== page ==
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Towing: The Underrated Shop Advertiser

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For shop owners considering adding towing to their full suite of shop services, one underrated perk may not have made it to the pro and con list. 

While there are plenty of challenges facing towing programs today—heavy industry regulation, insurance and liability responsibilities, gas mileage, costly equipment and maintenance investments, a shortage of skilled drivers, and a large pendulum swing in miles driven over the last year are all key concerns—shop owners who have built profitable towing programs are finding each truck’s value as an advertising opportunity is often overlooked. 

Much like wrapped loaner cars, Both Sheldon Barthlama, owner of Stan’s Auto Service in Loveland, Colo. and Bill Rate, co-owner of Bob’s Main Street Auto & Towing in West Bend, Wisc., find that the ability to market their businesses and build brand awareness while their branded trucks are out helping customers has been a boost to business—although the impact is often hard to measure. 

“People are seeing your logo as they’re stuck in traffic after a crash, when they’re out running errands, when they’re in trouble and they need a tow themselves,” says Barthlama.

“Like a lot of aspects of marketing, it’s hard to quantify that exact ROI. It’s not black and white, but we do see a correlation when we’re down a truck,” he says, noting that his trucks’ marketing potential has been a deciding factor in the past when considering paring down his fleet. 

Barthlama is intentional in putting his trucks to work as moving billboards when not out on a tow call as well. His team will volunteer their assistance at local community events (a service that’s helped his shop build a solid relationship with the local Chamber of Commerce) and he’s sure to give the trucks center stage in the shop’s Google My Business account and social media accounts. “Even if a glance at the logo on our truck isn’t sending them directly to our shop that day, that brand association and familiarity is something we’re building on and will make our next piece of marketing that much more impactful,” he says.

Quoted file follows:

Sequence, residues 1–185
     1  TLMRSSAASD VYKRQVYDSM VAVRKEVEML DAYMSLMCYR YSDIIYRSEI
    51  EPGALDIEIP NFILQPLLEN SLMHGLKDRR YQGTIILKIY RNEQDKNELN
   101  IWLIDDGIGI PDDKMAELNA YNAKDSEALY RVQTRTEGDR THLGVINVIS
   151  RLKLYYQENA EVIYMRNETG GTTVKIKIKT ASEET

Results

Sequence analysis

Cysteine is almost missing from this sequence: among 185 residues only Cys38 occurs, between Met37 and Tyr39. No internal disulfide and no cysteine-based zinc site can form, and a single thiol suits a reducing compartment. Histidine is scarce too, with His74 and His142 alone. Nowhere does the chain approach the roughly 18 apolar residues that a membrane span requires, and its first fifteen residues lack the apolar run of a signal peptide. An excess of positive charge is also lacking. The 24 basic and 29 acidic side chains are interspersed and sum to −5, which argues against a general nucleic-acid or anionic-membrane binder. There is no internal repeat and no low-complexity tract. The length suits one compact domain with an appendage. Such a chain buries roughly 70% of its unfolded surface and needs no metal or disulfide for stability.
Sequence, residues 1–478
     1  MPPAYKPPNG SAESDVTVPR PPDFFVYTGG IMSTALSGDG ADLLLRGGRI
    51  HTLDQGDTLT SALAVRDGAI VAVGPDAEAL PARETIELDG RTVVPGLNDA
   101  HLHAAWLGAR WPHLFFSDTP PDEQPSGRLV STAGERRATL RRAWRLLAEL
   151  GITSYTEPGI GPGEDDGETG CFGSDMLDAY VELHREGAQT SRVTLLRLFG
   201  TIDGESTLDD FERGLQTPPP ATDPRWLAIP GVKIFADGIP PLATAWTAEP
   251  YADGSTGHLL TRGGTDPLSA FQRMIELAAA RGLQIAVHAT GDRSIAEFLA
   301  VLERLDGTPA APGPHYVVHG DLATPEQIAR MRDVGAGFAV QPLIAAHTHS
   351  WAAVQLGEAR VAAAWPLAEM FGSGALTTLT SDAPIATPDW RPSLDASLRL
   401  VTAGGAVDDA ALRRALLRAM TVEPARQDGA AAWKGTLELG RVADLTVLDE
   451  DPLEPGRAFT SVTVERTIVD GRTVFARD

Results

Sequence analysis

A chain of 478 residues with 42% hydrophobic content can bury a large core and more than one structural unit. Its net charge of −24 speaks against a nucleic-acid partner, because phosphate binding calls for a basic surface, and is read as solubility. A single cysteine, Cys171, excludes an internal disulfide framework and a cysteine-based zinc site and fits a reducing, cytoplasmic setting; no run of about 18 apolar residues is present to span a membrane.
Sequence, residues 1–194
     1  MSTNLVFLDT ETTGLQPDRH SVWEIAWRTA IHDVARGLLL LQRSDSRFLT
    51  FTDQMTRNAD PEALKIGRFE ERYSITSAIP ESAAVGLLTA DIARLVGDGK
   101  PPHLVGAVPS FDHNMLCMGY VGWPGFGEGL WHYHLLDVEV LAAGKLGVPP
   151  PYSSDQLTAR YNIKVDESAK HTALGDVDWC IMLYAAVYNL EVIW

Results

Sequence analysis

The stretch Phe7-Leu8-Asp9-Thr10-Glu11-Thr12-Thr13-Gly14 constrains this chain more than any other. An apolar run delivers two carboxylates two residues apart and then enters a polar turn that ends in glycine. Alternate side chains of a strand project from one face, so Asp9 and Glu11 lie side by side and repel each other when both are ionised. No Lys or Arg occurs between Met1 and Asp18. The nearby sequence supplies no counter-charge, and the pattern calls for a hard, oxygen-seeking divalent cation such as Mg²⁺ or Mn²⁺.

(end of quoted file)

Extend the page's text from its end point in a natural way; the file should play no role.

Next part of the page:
Rate agrees and takes the branding one step further with themed trucks. A pink truck was branded and themed for breast cancer awareness while a baby blue truck has been designed to promote autism awareness. Rate says he has a green truck ordered and on the way.

“We call them ‘Fruit of the Loom’ trucks and eventually we’re working to have a full slate in different colors, each dedicated to a specific cause,” he says. 

“The goal is that while these trucks are out on the road, your message is traveling and it’s communicating your priorities and values as a business,” he says. “From that first sighting, maybe they’ll look you up, see you have great ratings, see you work on the kind of car they have and your trucks are building a relationship just by heading to that next call.”

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